National Cyber Director Act Will Be Included in Year-end Defense Bill

Dec 3, 2020 Issues: Cybersecurity

WASHINGTON – Cyberspace Solarium Commissioner Congressman Jim Langevin (D-RI), a senior member of the House Armed Services Committee and co-chair and co-founder of the Congressional Cybersecurity Caucus, today announced that legislation he has led to establish a National Cyber Director has been included in the Conference Report for the Fiscal Year 2021 National Defense Authorization Act (NDAA) released today. The provision, which is based on Langevin’s National Cyber Director Act, would create a Senate-confirmed position in the Executive Office of the President with policy and budgetary authority to oversee development and implementation of the national cyber strategy and to coordinate national cyber incident response efforts.

“I’ve been working on bolstering our nation’s cybersecurity for more than a decade, and it is abundantly clear the country needs someone in charge of cybersecurity at the highest levels of government,” said Langevin. “The inclusion of the National Cyber Director Act in this year’s National Defense Authorization Act brings us closer to establishing an overarching and more effective cyber strategy to protect the nation. With increased reliance on information technology infrastructure for communication, commerce and personal use, as well as national security purposes, it is more critical than ever that there is an expert bringing all the elements of government together and ensuring that we are pulling oars in the same direction to protect Americans. I thank Congressman Mike Gallagher for helping to advance this bipartisan bill, House Oversight and Reform Chairwoman Carolyn Maloney for holding a hearing on this important legislation, Senator Angus King for championing this provision in the Senate, and Senator Mike Rounds for helping us refine the language to move forward.”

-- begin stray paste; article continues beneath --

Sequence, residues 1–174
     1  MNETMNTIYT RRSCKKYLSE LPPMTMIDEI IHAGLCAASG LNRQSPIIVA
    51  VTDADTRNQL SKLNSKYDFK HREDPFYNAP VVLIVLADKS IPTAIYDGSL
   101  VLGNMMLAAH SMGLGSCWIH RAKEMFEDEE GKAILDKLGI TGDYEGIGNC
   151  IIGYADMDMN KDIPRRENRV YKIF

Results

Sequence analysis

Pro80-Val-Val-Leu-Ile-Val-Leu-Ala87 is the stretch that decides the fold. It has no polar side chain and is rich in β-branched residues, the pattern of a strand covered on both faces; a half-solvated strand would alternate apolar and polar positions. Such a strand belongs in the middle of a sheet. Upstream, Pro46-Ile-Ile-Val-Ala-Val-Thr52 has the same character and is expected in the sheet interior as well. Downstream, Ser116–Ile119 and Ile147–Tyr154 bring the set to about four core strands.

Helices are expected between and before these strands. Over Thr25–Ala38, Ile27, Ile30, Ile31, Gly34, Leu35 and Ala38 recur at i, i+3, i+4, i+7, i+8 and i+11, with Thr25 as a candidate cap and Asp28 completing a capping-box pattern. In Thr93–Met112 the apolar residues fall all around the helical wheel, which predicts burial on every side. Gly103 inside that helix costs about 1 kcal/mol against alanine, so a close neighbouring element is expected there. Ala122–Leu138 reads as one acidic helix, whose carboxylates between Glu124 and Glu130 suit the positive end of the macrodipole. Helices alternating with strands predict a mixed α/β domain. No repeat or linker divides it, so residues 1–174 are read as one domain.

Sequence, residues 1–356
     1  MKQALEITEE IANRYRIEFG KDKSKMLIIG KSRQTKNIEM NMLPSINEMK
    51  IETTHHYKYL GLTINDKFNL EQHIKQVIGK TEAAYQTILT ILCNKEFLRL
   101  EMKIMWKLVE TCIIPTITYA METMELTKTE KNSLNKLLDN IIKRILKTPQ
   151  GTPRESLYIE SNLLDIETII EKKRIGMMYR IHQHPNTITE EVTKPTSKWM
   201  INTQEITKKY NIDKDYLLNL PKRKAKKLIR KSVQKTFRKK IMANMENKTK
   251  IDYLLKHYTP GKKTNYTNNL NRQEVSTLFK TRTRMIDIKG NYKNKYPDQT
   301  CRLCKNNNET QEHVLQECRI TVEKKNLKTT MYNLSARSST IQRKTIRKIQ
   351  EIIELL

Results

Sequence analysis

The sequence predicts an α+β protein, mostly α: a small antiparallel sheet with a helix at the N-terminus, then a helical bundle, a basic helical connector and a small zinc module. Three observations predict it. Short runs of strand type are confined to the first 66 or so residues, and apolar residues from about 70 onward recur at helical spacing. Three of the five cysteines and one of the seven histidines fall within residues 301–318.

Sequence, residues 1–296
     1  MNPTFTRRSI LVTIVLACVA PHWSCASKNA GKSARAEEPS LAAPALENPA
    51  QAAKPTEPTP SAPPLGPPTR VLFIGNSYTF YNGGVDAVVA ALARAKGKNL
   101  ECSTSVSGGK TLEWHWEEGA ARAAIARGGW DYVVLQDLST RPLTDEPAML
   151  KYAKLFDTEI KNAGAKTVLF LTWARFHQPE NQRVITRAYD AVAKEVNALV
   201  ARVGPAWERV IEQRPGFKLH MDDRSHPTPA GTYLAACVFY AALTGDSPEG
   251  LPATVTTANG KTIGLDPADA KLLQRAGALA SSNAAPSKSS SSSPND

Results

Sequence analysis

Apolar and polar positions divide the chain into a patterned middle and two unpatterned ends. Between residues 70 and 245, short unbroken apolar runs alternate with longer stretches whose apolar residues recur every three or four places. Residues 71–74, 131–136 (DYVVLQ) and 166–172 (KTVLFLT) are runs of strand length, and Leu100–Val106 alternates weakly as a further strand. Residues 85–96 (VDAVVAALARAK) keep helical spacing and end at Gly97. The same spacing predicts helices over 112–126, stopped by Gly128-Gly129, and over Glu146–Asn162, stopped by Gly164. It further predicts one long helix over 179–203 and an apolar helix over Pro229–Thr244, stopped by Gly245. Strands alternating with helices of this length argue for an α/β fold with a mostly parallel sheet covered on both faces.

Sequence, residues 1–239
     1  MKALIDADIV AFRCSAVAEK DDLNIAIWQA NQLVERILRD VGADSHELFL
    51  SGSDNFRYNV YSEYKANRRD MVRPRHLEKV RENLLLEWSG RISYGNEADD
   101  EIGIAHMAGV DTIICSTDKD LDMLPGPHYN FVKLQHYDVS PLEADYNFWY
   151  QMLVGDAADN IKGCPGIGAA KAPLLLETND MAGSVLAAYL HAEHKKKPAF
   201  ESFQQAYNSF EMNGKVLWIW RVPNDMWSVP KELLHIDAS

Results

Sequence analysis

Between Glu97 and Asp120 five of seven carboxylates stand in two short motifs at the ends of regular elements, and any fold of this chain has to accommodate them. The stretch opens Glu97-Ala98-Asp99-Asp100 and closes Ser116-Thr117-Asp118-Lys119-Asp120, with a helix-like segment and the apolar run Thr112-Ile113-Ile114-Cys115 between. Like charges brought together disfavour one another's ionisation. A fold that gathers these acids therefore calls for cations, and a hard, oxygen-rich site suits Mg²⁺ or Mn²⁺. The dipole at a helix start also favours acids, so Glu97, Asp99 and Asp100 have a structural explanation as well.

In 2010, Langevin first introduced legislation to create a White House cyber director based on a recommendation from the Center for Strategic and International Studies Commission on Cybersecurity for the 44th Presidency, which he co-chaired. Most recently, the creation of a National Cyber Director was included as a key recommendation in the Cyberspace Solarium Commission’s report released in March. The Commission was established by the National Defense Authorization Act of 2019 and was entrusted with developing actionable recommendations for a unified, strategic national response to evolving threats and adversaries in cyberspace.

“The National Cyber Director Act represents a paradigmatic shift in how the government handles cybersecurity,” continued Langevin. “The inaugural National Cyber Director will inherit a long list of priorities, from coordinating cybersecurity budgets across the entire federal government to planning to protect COVID vaccine distribution over the next several months, as well as protecting our elections. I look forward to working with the incoming Biden Administration to ensure that the first National Cyber Director is properly empowered to break down silos across the many agencies with cyber responsibilities.”

The NDAA authorizes national defense spending and has been passed by Congress for 59 consecutive years. The House is expected to take up the Fiscal Year 2021 NDAA, which includes the provision to establish the National Cyber Director, next week. After passage in the Senate, the bill would head to the President’s desk for his signature to become law.